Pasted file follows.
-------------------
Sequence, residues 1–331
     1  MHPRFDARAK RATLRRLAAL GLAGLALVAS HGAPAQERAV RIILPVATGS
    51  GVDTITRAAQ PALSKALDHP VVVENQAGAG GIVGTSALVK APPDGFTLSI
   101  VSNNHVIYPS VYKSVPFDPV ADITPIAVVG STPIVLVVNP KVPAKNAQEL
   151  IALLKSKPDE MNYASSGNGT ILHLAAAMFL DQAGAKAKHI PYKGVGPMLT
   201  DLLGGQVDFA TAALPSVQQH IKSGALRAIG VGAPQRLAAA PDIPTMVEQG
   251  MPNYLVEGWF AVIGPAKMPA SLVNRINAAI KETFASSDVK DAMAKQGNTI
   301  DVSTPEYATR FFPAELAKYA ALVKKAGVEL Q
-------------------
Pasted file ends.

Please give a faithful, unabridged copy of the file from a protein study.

Sequence, residues 1–331
     1  MHPRFDARAK RATLRRLAAL GLAGLALVAS HGAPAQERAV RIILPVATGS
    51  GVDTITRAAQ PALSKALDHP VVVENQAGAG GIVGTSALVK APPDGFTLSI
   101  VSNNHVIYPS VYKSVPFDPV ADITPIAVVG STPIVLVVNP KVPAKNAQEL
   151  IALLKSKPDE MNYASSGNGT ILHLAAAMFL DQAGAKAKHI PYKGVGPMLT
   201  DLLGGQVDFA TAALPSVQQH IKSGALRAIG VGAPQRLAAA PDIPTMVEQG
   251  MPNYLVEGWF AVIGPAKMPA SLVNRINAAI KETFASSDVK DAMAKQGNTI
   301  DVSTPEYATR FFPAELAKYA ALVKKAGVEL Q